Shadows Present, Shadows Past
Jeannine Chartier Hanscom
The house that Colleen Evans and her two sisters unexpectedly inherit from an old acquaintance seems to be the answer to their prayers. With all three women at various turning points in their lives, the timing couldn’t be more perfect. The sisters are excited to move in and begin enjoying their new home.
It is not long before the trio realizes that the house possesses more than merely a good location in their hometown and friendly neighbors they already know. Not even one day passes before an eerie presence makes itself known through slamming doors, phantom footsteps, and midnight murmurs. While the sisters first shrug off the unsettling occurrences as the result of overactive imaginations or house settling, the incidents escalate in intensity. By the time Colleen has suffered a ghostly bedside visitation and her small son is endangered, she believes there is a reason for the incidents and sets out to discover more about the mysterious past of the previous inhabitants.
J.H. Sanderson’s brief, entertaining ghost story, Shadows Present, Shadows Past, abounds with the genre’s requisite inexplicable creaky staircases and bumps in the night. The structure of the plot is sound, and with the exception of a few omitted or confused words, such as “their” rather than “there,” the book is relatively clean of typographical and grammatical errors. Sanderson’s characterization is acceptable, although the main character, Colleen, comes across as somewhat cold and bland for the first half of the book; even her overwrought reaction to her sisters’ good-natured teasing betrays her lack of a sense of humor. A recently divorced mother of a one year old, she is still coming to terms with her failed marriage and has an odd tendency to overreact to small annoyances and underreact to more significant situations. However, Colleen’s tepid emotions warm up as the spooky occurrences intensify. She ultimately becomes the most expressive of the characters.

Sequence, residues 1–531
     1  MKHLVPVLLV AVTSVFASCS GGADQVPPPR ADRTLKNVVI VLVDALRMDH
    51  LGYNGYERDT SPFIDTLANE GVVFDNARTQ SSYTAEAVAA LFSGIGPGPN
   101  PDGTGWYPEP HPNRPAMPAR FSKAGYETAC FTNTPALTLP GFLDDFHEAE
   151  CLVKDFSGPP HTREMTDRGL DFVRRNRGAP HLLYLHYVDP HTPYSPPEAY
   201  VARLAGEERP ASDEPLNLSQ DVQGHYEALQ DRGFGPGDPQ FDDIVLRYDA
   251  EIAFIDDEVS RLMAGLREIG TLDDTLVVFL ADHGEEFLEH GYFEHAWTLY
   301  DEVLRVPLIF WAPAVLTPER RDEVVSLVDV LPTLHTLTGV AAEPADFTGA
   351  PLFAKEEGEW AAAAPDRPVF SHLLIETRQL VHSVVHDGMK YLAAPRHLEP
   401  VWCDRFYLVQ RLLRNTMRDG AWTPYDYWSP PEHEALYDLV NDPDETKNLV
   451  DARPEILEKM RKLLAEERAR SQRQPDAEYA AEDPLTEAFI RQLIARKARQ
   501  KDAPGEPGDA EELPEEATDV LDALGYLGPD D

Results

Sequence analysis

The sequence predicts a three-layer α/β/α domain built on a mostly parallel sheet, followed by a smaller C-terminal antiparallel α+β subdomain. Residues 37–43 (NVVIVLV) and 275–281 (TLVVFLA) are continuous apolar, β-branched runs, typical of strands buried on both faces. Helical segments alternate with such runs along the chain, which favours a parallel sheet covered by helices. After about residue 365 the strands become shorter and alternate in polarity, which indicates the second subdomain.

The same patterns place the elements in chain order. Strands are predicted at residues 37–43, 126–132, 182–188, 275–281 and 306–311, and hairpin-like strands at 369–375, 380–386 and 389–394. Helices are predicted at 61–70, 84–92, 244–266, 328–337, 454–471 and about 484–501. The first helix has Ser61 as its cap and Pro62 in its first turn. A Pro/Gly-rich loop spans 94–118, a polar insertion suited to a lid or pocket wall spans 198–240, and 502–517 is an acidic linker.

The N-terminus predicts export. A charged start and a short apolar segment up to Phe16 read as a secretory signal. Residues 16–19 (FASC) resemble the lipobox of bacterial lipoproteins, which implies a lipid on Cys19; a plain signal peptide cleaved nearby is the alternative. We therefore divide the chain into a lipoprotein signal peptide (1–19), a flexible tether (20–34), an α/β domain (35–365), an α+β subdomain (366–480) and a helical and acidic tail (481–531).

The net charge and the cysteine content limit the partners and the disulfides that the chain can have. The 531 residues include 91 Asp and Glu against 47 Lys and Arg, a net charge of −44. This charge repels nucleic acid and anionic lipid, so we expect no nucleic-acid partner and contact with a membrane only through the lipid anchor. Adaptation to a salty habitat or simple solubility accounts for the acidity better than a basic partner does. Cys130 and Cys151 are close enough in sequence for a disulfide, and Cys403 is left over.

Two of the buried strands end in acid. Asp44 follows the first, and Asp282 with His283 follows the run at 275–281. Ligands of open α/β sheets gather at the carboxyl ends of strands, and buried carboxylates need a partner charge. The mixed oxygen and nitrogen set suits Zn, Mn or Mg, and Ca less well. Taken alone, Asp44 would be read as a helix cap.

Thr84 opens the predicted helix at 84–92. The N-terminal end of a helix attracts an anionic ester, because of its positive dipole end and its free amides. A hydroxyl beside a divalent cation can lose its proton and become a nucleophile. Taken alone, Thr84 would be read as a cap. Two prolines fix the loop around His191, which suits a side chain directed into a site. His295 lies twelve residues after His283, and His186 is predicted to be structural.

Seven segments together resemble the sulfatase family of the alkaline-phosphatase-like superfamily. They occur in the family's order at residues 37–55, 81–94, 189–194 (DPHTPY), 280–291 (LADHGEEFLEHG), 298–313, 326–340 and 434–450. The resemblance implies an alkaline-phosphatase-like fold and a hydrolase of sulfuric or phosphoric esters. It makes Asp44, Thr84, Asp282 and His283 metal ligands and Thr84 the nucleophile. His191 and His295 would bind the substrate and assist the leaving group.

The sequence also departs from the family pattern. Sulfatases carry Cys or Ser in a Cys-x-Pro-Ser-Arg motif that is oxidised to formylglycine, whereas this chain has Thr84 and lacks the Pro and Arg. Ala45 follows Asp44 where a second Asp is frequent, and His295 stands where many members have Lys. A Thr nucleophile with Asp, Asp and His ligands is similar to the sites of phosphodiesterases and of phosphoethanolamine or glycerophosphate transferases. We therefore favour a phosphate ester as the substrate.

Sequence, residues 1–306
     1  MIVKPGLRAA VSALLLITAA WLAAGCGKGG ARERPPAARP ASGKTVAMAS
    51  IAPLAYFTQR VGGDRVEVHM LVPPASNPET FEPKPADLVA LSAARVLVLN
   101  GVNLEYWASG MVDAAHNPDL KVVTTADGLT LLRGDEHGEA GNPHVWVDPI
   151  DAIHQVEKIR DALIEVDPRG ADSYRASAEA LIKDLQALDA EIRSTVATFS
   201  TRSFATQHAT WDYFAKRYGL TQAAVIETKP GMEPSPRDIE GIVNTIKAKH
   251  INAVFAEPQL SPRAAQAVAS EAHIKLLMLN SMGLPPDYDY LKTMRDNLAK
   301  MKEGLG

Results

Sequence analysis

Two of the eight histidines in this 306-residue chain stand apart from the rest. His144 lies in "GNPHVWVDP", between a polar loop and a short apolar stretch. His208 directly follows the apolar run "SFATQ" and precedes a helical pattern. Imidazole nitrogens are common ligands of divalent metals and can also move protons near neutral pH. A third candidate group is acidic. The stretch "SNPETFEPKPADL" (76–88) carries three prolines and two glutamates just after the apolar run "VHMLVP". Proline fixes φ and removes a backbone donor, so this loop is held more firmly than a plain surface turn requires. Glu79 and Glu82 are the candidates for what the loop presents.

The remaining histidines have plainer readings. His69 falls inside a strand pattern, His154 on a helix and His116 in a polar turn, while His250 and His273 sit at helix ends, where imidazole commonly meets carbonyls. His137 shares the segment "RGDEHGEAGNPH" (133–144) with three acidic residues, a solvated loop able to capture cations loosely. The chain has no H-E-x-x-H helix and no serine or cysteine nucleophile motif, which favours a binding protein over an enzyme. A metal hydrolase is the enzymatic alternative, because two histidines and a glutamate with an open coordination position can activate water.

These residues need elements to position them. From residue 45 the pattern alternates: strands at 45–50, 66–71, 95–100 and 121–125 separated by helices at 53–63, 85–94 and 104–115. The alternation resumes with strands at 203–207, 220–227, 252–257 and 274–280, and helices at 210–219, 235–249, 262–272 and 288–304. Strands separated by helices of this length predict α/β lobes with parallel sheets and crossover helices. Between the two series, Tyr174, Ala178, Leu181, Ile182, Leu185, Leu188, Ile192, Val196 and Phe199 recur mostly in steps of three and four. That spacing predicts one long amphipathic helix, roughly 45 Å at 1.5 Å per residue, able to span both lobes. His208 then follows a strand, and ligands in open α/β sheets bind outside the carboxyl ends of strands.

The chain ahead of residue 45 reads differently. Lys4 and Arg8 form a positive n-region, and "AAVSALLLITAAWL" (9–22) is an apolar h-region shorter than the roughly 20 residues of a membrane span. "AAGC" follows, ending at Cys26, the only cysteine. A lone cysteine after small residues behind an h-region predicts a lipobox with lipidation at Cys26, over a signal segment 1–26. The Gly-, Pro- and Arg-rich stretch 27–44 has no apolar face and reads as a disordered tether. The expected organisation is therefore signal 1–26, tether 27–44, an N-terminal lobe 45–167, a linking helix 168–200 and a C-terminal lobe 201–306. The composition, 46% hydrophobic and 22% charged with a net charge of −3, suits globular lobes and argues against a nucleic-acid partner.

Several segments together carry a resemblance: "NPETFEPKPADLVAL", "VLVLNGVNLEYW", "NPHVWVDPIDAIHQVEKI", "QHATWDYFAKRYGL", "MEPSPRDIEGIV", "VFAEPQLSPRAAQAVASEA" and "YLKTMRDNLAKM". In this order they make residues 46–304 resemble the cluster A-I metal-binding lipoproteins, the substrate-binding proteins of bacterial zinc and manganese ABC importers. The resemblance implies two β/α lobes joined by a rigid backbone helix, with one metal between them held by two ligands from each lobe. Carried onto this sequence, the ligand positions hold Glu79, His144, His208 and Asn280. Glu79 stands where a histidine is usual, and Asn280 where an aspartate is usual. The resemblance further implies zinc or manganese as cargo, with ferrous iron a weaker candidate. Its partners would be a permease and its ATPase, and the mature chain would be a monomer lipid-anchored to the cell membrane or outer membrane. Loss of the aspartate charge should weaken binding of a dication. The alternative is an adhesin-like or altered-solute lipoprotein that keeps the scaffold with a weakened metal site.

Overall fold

The story includes a subplot involving Colleen’s rekindled romance with a high school sweetheart, a thread that in some ways echoes the theme of misunderstanding at the center of the house’s ghostly mystery. While their relationship adds some variety to the novel, it serves mostly as a device to further the haunted house story line, with Colleen’s old beau, Curtis, becoming an additional eyewitness to the increasingly threatening happenings.
Similarly, Colleen’s small son and niece are mostly utilized as foils to expose the depths of ghostly madness. Readers may find themselves bemused by Colleen’s continuous habit of leaving her son alone in his crib on a separate floor of the house, especially after doing so previously has proven physically dangerous for him. In one scene, the sisters discuss going to check out a suspicious noise, and one of them suggests staying behind to keep an eye on the babies. Colleen objects, whispering “They’re fine. Besides, there’s strength in numbers. Whoever or whatever it is can’t get all of us at once.” This lack of maternal concern may strike many readers as odd and affect the credibility or likability of Colleen’s character.
The heart of Shadows Present, Shadows Past is the tale of the haunting, and Sanderson fleshes it out well, building the tension to a satisfying if speedy denouement. Despite a heroine that readers may find difficult to initially warm up to, the writing generally flows smoothly. The book will appeal to those looking for a quick, enjoyable, and capably written ghost story.